hand.  Moreover, the pilot was not a guest who needed to be catered to or impressed.  Hence, the pilot berth was usually tucked in an unused space somewhere near the bridge of a ship.  Somehow, this tradition spilled over into pleasure craft.

My Cape Dory 28, hull #53, is an early version that included a pilot berth.  In theory, the main cabin could sleep four.  One to starboard on a single bunk, two to port on a pull out double bunk and a fourth in the pilot berth above and abeam of the double.  We would have to be REALLY good friends for all that.  The pull out double is really a one-and-a-quarter.  In modern sailing, the pilot berth little more than a place to drop things rather than stow them properly.  In a seaway, anything dropped on that bunk would be cast to the cabin sole ['thrown to the floor' for you landlubbers].  Moreover, the cabin will be more comfortable, and more symmetrical, with some modifications to this area.  I'm going to move the existing face, with the three holes for drawers, back
15" or 20", to create a shelf in place of the bunk with storage underneath.  The port side settee will be more comfortable this way as well.

There is just never enough time to spend working on the boat, but I've also been working on my life, and career too.  Nearly everything I've done in 2011 was a concerted effort to maximize my time working on the boat in 2012 and 2013.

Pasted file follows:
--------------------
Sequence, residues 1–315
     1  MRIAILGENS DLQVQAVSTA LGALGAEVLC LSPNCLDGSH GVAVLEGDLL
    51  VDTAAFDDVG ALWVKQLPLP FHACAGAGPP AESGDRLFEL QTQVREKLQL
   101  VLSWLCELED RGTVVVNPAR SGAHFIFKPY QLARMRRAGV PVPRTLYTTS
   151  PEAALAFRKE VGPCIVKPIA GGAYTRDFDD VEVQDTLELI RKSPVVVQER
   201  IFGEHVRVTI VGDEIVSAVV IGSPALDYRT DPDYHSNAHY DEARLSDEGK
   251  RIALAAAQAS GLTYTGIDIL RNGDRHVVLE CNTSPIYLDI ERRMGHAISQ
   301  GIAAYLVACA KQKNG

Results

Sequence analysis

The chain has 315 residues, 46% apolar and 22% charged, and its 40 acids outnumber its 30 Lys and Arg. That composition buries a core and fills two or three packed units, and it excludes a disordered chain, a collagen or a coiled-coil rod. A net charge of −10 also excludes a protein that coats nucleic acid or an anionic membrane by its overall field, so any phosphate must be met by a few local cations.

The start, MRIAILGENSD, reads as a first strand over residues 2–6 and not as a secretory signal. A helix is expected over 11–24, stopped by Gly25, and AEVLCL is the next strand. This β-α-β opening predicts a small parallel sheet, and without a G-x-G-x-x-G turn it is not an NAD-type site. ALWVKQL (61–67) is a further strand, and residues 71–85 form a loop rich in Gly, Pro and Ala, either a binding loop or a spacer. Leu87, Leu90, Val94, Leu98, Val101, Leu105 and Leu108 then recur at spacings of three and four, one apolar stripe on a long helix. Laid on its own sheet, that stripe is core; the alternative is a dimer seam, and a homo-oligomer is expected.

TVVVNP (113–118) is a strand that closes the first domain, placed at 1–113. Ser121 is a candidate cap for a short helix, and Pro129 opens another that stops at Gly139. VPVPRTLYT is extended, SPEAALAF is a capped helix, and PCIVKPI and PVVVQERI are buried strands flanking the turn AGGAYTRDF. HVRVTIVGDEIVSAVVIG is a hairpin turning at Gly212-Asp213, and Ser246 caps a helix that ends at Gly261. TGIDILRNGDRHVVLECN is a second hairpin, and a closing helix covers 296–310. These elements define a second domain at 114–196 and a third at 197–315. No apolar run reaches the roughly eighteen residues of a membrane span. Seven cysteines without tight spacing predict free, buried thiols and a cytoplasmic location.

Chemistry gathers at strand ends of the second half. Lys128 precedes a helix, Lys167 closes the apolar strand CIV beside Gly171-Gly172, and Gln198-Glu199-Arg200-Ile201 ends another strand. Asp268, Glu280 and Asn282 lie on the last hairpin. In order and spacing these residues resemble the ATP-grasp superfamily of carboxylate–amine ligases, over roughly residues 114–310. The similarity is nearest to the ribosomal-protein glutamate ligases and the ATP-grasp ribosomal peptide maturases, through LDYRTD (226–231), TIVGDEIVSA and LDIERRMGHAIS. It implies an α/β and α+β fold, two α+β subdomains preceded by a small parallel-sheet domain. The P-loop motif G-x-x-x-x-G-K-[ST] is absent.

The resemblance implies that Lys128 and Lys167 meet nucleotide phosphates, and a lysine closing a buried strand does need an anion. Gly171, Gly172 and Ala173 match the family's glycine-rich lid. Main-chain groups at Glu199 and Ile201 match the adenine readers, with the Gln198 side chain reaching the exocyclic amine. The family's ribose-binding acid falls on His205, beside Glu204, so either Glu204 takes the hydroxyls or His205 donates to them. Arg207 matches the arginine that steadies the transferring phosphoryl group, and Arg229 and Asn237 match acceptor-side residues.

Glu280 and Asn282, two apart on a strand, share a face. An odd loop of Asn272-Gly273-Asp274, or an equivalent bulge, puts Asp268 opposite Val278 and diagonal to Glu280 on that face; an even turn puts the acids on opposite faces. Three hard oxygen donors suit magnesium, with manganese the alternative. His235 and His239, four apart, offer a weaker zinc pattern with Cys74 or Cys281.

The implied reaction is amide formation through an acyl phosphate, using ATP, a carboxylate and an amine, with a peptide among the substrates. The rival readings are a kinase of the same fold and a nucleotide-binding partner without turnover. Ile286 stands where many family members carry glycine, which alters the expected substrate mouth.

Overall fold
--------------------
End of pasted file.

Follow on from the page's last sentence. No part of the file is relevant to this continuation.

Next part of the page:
Poking around after Sisyphus came to mind, I found a short movie that I remember fondly.  Dad's career running REMC's at the intermediate school district level in Michigan afforded me the privilege of seeing lots of interesting and creative filmwork. When I was in school, Dad's office supplied the films and filmstrips we watched in class. Later REMC's like his supplied video tapes and then computers along with other educational equipment and programs. Back in the day, Dad would often bring home a projector and some interesting film. I can't recall if I saw this Sisyphus short through Dad or whether I had spotted it because I had developed a taste for short films through him. Click here to watch the very cool short "Sisyphus" by Marcell Jankovics, a Hungarian graphic artist and animator, who was nominated for an Oscar in 1974 for this very film.  Its not unsafe for work, but if your volume is too load, the soundtrack will make your office mates wonder what you're watching.